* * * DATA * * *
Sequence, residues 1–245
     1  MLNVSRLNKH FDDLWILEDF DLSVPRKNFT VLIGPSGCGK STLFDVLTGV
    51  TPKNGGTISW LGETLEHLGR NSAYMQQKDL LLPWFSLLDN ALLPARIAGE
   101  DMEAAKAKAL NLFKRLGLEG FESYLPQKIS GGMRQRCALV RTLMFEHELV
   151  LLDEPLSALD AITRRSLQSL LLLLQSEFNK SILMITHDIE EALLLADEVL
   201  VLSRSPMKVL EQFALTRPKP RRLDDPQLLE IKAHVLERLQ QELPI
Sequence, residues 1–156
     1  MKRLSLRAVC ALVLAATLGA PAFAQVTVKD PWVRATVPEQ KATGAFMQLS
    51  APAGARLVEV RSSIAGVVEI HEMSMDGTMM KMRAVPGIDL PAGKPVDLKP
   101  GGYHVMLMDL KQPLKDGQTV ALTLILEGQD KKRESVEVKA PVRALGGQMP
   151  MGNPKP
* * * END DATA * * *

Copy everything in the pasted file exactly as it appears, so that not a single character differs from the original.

Sequence, residues 1–245
     1  MLNVSRLNKH FDDLWILEDF DLSVPRKNFT VLIGPSGCGK STLFDVLTGV
    51  TPKNGGTISW LGETLEHLGR NSAYMQQKDL LLPWFSLLDN ALLPARIAGE
   101  DMEAAKAKAL NLFKRLGLEG FESYLPQKIS GGMRQRCALV RTLMFEHELV
   151  LLDEPLSALD AITRRSLQSL LLLLQSEFNK SILMITHDIE EALLLADEVL
   201  VLSRSPMKVL EQFALTRPKP RRLDDPQLLE IKAHVLERLQ QELPI
Sequence, residues 1–156
     1  MKRLSLRAVC ALVLAATLGA PAFAQVTVKD PWVRATVPEQ KATGAFMQLS
    51  APAGARLVEV RSSIAGVVEI HEMSMDGTMM KMRAVPGIDL PAGKPVDLKP
   101  GGYHVMLMDL KQPLKDGQTV ALTLILEGQD KKRESVEVKA PVRALGGQMP
   151  MGNPKP